Three new fabric techniques

August 9, 2014 at 10:55 pm 1 comment

I have sent my June, July and August fabrics all off at the same time. Hopefully the swap partners in US will have received their surprise packages in the mail before reading this.

June technique was ‘resists’. This was a great open ended challenge, but it also was a very long exercise, mainly due to the cold and wet winter weather here and the number of processes I decided to incorporate. I decided on a three step process:

1. Cotton sheeting from Op Shops (Thrift shop in US) were torn into strips and concertina folded and clamped:


Procion dye was added with syringes and they were left to batch for 48 hours. I also folded up a couple of extra cloths to use up the dye and placed a piece of fabric top and bottom to soak up extra dye:

Itajime in the tray

And this is how they looked after rinsing, washing in synthrapol, drying and ironing, This is definitely a time warp happening here, going way back to those 70’s tie dye. Luckily there are more processes to come!

Back to the 70's

The one on the top left was the one of the extra folded pieces. Here is another:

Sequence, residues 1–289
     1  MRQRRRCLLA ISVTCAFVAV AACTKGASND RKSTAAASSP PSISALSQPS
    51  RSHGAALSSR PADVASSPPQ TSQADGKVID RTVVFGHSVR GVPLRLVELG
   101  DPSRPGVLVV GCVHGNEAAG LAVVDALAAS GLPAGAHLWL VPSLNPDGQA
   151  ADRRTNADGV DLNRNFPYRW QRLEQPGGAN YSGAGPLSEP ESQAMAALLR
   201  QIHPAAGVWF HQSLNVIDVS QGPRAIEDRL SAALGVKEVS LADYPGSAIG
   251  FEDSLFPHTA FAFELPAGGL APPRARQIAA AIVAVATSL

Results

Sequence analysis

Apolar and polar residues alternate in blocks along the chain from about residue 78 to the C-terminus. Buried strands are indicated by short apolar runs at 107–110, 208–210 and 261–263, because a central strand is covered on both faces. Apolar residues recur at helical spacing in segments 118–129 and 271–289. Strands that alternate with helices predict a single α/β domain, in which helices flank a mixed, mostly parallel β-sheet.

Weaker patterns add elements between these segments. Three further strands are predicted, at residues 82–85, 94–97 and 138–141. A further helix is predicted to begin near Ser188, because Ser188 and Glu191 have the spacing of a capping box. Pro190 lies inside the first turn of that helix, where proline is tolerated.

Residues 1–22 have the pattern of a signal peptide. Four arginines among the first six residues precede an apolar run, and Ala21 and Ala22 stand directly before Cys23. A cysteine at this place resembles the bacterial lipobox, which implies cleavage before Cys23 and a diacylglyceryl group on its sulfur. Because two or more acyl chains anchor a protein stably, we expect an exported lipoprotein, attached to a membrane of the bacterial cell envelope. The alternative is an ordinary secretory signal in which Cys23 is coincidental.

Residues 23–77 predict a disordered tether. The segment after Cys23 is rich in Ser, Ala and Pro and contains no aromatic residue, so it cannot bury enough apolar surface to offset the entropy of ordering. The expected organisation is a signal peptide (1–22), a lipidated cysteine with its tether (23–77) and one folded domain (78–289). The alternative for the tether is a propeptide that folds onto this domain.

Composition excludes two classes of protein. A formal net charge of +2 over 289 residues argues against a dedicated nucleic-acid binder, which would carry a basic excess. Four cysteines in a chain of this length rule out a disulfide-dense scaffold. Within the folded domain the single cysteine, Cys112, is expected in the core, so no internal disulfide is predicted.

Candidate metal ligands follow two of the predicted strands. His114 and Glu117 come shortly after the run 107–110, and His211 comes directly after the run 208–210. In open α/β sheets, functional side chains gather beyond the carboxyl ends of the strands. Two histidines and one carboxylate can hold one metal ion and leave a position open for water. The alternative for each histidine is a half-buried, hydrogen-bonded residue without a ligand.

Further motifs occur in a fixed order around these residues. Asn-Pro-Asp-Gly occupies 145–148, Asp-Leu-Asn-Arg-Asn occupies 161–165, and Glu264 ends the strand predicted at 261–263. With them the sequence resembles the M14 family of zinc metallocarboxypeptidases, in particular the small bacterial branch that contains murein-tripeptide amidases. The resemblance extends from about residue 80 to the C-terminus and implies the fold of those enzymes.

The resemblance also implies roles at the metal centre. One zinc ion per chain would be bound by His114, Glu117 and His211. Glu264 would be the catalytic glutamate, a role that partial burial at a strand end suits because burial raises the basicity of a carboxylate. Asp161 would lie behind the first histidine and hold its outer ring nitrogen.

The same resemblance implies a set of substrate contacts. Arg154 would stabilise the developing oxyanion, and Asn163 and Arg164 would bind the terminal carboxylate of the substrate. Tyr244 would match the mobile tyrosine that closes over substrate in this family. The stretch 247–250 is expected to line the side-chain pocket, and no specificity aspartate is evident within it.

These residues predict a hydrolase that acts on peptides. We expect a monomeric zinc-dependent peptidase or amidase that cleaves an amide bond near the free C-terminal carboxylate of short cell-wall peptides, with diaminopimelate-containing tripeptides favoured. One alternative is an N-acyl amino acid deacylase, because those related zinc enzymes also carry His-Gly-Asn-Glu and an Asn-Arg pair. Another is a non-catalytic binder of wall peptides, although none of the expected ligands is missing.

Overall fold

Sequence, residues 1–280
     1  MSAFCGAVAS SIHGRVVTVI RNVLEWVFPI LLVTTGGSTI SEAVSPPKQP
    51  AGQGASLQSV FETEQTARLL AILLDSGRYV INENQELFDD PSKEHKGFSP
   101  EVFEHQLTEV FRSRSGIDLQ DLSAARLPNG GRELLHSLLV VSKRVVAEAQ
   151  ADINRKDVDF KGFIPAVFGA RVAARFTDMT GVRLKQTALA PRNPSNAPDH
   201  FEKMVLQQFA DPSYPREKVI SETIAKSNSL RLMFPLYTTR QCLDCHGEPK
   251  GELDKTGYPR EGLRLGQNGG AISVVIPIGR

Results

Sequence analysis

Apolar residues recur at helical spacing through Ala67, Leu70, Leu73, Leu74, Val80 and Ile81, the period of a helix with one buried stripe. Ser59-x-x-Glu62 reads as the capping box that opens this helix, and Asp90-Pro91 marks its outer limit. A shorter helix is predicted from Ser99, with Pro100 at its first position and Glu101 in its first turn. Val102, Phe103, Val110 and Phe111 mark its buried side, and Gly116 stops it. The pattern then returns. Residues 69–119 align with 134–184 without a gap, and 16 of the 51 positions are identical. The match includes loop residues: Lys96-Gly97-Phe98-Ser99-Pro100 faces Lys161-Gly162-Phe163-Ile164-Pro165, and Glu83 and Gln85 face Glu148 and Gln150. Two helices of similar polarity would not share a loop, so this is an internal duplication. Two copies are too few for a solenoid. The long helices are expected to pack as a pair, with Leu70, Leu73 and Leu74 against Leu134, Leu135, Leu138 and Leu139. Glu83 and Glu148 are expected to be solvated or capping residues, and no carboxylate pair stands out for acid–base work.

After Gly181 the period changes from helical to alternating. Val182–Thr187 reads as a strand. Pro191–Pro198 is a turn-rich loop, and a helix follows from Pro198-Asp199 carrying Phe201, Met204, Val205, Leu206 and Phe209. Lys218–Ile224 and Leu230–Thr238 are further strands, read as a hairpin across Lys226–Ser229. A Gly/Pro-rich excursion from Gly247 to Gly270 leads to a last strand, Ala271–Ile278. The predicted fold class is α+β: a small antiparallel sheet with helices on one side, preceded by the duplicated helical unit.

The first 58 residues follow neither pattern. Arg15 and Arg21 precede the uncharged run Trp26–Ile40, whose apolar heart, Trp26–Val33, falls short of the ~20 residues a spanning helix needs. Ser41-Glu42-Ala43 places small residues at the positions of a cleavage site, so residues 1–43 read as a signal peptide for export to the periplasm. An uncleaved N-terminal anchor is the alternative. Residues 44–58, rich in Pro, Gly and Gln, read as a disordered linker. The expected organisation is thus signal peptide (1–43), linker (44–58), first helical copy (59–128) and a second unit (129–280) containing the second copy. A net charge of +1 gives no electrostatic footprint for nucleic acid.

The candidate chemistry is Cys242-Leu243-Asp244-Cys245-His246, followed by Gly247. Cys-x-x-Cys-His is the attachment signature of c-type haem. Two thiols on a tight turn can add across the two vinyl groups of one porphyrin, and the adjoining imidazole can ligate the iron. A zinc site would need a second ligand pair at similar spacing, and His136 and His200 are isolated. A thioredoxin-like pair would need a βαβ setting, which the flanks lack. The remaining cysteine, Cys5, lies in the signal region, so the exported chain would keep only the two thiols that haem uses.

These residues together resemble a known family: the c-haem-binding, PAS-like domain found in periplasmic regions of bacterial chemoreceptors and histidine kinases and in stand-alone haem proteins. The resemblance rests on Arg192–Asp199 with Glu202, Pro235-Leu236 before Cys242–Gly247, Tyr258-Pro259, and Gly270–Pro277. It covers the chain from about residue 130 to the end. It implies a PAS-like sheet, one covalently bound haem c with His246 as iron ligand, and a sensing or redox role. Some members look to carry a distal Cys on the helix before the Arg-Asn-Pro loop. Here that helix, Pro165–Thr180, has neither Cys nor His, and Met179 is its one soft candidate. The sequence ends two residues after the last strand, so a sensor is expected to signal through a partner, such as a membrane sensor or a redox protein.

2. The fabrics were laid out on plastic sheeting and spread thinly with a flour resist paste. This was left to dry for 48 hours and then scrunched up to crack the flour layer. I did lots of scrunching in different directions, as I needed to get rid of that 70’s tie dye look.

Flour paste 1

Close up of the crackling:Flour paste 2

The fabric was then painted with watered down fabric paints. Because I was trying to tone down those tie dyes I used darker colours in Lumiere and opulence paints.

Flour paste 5

Once they were batched for 48 hours, I scrunched the fabric up again and scraped some of the dried flour off with a paint scraper. They then went into a plastic bucket of cold water, soaked for 10 mins, and then I scrubbed the remaining flour off with an old dish brush. The lumiere was a bit more resistant to scrubbing-just soak a bit longer. The fabrics were hung to drip dry a bit and then ironed to set the fabric paint. When ironed they were a bit stiff so they had another wash in soap to remove any flour paste residue, drip dried and ironed once again.

The resulting fabric now looks like stained glass windows, some very vibrant, others a little more moody! I only made enough of this technique to swap so I will have to do some more flour pasting for myself.

Crackle dye

3. For the last application of resist on these fabrics I was going to go with the stained glass window theme and I created a gothic window stencil to use with the toothbrush/oilstick technique to add the windows to one corner of the fabric. However I love these crackly fabrics so much I decided to leave it up to the recipients as to what they wanted to add.

See next post for the July technique.



Entry filed under: Dyeing, Starch resist.

Surface design group Sun prints in wintery July

1 Comment Add your own

  • 1. maggi21  |  August 12, 2014 at 1:48 am

    Gorgeous results.


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